by Eric Segall
About a month before Justice Scalia passed away last February, the Supreme Court voted to hear an important case raising fundamental questions about the separation (or not) of church and state. The Missouri Constitution prohibits any and all public money going to religious institutions. A church school challenged this categorical exclusion when denied an opportunity to compete for state money to improve the safety of school playgrounds. The lower court upheld the exclusion, which exists in one form or another in many other states. The case is so difficult because, while all the Justices likely agree that state aid cannot go to core religious instruction, and while all the Justices also likely agree that police and fire protection cannot be denied to churches, temples and mosques simply because of their religiosity, this case falls right in the middle of those extremes.
Although the Court took the case over a year ago, it has yet to schedule oral argument, presumably because the Justices are likely deadlocked on the difficult issues. I fully understand that deadlock. On the one hand, denying all but the most basic public aid to religious institutions feels harsh and discriminatory. In fact, this specific Missouri law enacted towards the end of the 19th century had its origins in anti-Catholic prejudice.
On the other hand, defenders of the Missouri law, and others like it, argue that allowing churches, temples and mosques to compete for public money against each other, and against non-religious institutions, could cause significant religious strife leading to potential violations of the First Amendment's Establishment Clause or its stricter parallel state constitutional provision. In addition, these statutes have a long history and for those concerned about the role of tradition in constitutional interpretation, the invalidation of such laws would amount to overly aggressive judicial review. The most relevant Supreme Court precedent, Locke v Davey, upheld a similar program in which the State of Washington prohibited generally available scholarship money to be awarded to students studying to be ministers. Yet, not using public money for the education of religious officials feels much different than the categorical exclusion of all religious institutions from any but the most needed public aid.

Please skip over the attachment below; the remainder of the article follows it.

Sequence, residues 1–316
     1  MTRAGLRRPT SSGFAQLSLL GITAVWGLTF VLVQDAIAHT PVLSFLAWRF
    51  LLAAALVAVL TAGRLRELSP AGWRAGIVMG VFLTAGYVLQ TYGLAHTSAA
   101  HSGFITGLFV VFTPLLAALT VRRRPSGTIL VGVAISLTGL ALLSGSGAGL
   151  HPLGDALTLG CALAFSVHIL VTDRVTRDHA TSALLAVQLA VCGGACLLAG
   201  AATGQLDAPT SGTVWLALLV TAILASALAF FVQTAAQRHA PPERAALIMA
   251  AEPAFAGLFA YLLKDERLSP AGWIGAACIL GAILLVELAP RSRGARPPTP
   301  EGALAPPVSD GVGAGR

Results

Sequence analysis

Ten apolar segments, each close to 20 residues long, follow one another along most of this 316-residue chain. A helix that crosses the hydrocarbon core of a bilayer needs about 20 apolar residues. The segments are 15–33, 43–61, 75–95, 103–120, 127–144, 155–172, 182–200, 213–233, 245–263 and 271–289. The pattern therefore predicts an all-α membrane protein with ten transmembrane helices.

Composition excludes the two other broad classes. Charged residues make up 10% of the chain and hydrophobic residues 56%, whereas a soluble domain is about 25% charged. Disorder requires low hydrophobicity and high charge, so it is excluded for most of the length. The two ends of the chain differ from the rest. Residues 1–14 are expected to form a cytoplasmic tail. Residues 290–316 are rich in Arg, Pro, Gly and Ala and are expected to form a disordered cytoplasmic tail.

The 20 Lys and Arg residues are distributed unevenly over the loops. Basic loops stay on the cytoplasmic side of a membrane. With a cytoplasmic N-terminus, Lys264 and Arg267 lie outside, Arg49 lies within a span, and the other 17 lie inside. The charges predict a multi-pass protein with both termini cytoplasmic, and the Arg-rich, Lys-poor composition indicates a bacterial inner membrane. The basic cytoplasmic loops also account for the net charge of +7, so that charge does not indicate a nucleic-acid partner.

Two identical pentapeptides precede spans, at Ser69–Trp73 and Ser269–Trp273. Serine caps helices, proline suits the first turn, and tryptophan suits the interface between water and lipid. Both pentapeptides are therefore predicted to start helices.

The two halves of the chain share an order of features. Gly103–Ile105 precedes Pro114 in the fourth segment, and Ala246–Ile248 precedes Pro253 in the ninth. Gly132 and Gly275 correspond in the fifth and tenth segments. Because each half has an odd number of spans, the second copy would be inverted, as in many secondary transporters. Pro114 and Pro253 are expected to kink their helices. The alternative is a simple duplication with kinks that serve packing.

So this case is truly hard, and I express no opinion about its proper outcome. My purpose in writing this blog post is to suggest that the country as a whole is better off with the Court not deciding the case at all, which would likely be the result if the Court were to stay evenly divided among partisan lines.
Had the case been decided while Justice Scalia was still alive, there is every reason to think the Court would have struck down the law 5-4 (assuming Justice Kennedy would have voted that way). Had Merrick Garland been confirmed, the smart money would have been on the Court upholding the law. Now, with Trump getting the next pick, the odds are the Court will strike the law down if the case is not moot (there is talk Missouri may not enforce this law anymore). In other words, who is the ninth Justice likely makes all the difference in this case.